Social impact of the 2008 Olympic Games on China
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Susan Brownell reflects on the social implications of the Beijing Olympics for China and its society, how this affected relations with the western world and ways of thought

by Susan Brownell

Legal reforms as a result of the Olympics

To date the only rigorous studies of the impact of Olympic Games have measured economic impact, and scholars do not really understand their social impact very well. The most convincing evidence for social change would be changes in institutions. Critics of China's political system hoped that the Olympics would bring about political reforms, but there were no major changes in political institutions after the games. Legal reform was one of the Olympic legacies, particularly the tightening of intellectual property laws, and the law giving more freedom to foreign journalists.

Strengthening solidarity
My own conclusion is that the Olympic Games do not necessarily have a significant direct social impact. What happens is that they cause a large number of people to feel for one moment in time they are all members of one community – even if this moment is only shared through television. The power of that moment lies in its ability to strengthen solidarity and heighten awareness. At a global level, the major impact of the games was to make the world feel closer to China, and make Chinese people feel they were part of the world. This made some people feel threatened by China, but on the whole it seems to have had a positive effect inside China by making relations with non-Chinese seem normal for the first time since the revolution of 1949.

Call for government accountability
Inside China, heightened national consciousness resulted in greater demands from the people for government accountability. A corruption scandal erupted in the football administration five months after the Olympics. It was driven forward by a popular sentiment that the team’s poor Olympic performance was a national embarrassment, and that it had not fulfilled its responsibility to the people. The two and a half years of the investigation and the court trials manifested a new level of transparency and rule of law.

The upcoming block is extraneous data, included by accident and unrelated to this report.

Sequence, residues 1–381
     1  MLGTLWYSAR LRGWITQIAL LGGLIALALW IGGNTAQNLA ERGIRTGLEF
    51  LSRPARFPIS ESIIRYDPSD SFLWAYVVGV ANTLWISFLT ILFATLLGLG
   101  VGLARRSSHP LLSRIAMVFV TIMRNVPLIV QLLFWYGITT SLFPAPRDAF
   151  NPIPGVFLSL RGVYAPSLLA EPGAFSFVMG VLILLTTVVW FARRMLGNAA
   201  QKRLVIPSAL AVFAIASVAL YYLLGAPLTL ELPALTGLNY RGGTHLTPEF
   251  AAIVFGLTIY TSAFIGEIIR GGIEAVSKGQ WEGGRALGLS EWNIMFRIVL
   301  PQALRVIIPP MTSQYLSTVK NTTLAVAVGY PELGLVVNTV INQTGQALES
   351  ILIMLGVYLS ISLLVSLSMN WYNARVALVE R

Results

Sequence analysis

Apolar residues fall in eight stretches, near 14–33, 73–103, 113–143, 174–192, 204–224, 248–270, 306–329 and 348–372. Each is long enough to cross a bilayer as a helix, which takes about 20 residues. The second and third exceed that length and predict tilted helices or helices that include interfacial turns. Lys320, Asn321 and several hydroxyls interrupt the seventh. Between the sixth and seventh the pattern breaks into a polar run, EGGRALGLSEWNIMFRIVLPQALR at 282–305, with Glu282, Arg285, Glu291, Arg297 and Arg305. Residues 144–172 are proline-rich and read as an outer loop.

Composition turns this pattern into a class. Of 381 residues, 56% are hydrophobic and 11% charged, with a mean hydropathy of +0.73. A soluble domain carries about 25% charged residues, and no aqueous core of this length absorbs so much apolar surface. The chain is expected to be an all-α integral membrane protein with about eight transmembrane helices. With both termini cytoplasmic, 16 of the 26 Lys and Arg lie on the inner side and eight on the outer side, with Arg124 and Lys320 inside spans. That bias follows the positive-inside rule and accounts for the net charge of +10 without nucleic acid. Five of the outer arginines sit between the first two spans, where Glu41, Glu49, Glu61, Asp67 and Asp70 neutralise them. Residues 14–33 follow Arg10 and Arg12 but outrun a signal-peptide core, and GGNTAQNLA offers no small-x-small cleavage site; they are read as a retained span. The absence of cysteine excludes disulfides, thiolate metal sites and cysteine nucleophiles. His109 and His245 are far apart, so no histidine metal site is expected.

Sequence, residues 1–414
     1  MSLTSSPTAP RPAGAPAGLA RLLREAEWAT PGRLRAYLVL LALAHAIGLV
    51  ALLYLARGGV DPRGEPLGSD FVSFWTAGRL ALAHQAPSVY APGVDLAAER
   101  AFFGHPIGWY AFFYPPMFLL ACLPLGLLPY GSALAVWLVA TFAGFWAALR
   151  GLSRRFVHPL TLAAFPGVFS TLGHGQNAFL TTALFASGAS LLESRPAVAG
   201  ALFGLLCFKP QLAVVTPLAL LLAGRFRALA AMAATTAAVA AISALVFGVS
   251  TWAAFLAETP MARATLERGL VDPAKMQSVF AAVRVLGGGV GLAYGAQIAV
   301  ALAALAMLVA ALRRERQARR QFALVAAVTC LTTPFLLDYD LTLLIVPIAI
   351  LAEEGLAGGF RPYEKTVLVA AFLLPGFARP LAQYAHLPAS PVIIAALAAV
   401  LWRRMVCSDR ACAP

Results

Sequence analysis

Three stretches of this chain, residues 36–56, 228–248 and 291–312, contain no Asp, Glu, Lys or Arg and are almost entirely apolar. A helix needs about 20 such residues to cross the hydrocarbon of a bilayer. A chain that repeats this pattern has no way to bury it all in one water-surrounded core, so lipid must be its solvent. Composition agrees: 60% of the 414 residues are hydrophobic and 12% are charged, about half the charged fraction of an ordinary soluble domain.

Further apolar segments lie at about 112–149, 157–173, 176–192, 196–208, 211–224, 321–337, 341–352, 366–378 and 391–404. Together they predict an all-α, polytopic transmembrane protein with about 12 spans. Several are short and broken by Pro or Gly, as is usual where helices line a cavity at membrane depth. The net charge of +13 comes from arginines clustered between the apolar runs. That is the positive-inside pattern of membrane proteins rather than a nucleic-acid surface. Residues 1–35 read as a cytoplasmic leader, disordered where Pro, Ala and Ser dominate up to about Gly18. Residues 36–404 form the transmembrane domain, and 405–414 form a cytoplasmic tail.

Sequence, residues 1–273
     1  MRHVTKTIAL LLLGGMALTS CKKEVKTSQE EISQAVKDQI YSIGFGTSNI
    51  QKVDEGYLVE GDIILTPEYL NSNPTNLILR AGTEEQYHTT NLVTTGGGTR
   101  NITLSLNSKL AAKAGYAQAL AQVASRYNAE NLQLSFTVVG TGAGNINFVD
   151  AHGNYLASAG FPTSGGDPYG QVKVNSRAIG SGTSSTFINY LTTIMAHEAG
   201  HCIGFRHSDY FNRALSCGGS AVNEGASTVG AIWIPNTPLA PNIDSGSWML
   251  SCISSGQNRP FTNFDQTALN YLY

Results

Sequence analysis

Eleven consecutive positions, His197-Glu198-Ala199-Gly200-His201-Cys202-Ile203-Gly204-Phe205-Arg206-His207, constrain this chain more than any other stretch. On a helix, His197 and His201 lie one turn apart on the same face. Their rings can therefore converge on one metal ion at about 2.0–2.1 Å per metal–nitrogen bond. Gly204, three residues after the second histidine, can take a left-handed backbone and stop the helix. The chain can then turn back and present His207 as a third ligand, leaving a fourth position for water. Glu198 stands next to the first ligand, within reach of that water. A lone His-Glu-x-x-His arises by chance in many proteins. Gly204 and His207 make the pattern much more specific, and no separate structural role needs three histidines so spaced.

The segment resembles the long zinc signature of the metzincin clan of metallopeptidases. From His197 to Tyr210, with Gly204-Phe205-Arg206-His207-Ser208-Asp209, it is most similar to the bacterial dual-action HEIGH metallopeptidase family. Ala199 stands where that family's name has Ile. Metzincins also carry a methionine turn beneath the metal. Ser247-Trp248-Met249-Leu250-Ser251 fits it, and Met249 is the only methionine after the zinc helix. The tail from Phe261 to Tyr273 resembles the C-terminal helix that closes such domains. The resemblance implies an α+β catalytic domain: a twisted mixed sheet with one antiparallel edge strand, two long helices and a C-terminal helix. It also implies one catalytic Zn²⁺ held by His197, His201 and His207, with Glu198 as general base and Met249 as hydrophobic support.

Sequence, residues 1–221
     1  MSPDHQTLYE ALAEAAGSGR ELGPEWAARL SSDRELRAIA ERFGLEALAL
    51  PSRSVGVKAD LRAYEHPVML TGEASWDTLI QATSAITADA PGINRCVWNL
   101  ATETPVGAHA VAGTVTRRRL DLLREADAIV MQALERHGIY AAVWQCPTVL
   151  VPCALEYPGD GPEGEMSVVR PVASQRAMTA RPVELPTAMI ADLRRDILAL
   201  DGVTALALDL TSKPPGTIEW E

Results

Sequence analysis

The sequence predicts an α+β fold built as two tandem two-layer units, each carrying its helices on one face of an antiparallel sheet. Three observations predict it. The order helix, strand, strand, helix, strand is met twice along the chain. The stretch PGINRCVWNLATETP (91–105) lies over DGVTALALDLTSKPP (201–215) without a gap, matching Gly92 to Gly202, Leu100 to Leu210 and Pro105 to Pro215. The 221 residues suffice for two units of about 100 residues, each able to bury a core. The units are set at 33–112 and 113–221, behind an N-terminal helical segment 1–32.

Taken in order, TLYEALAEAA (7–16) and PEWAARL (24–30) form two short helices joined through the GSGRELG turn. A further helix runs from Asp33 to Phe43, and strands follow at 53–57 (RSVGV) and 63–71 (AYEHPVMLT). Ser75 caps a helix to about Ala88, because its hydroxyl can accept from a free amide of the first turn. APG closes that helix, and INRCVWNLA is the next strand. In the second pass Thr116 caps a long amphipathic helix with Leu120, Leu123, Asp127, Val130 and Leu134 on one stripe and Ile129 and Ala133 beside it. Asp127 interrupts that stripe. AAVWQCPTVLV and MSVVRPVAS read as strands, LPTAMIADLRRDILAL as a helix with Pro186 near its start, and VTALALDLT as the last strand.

Raising awareness about social issues
The games raised public awareness about the environment and the treatment of the disabled. While the air pollution in Beijing is hardly better than it was before the Olympics, everyone is now aware that there is a problem, and can remember that blue skies were achieved for the two weeks of the games. This has created a greater will to attack the problem. The Paralympics helped make people conscious of the obstacles faced by the disabled.

Changing ways of thought
The greatest impact of the Olympics may be on ways of thought. It may take some time for these changes to be expressed in concrete changes in social institutions. We can be sure that Chinese society will be changing rapidly in years to come, and certainly the Olympics made a contribution to this.

Susan Brownell is Professor of Anthropology at the University of Missouri-St. Louis


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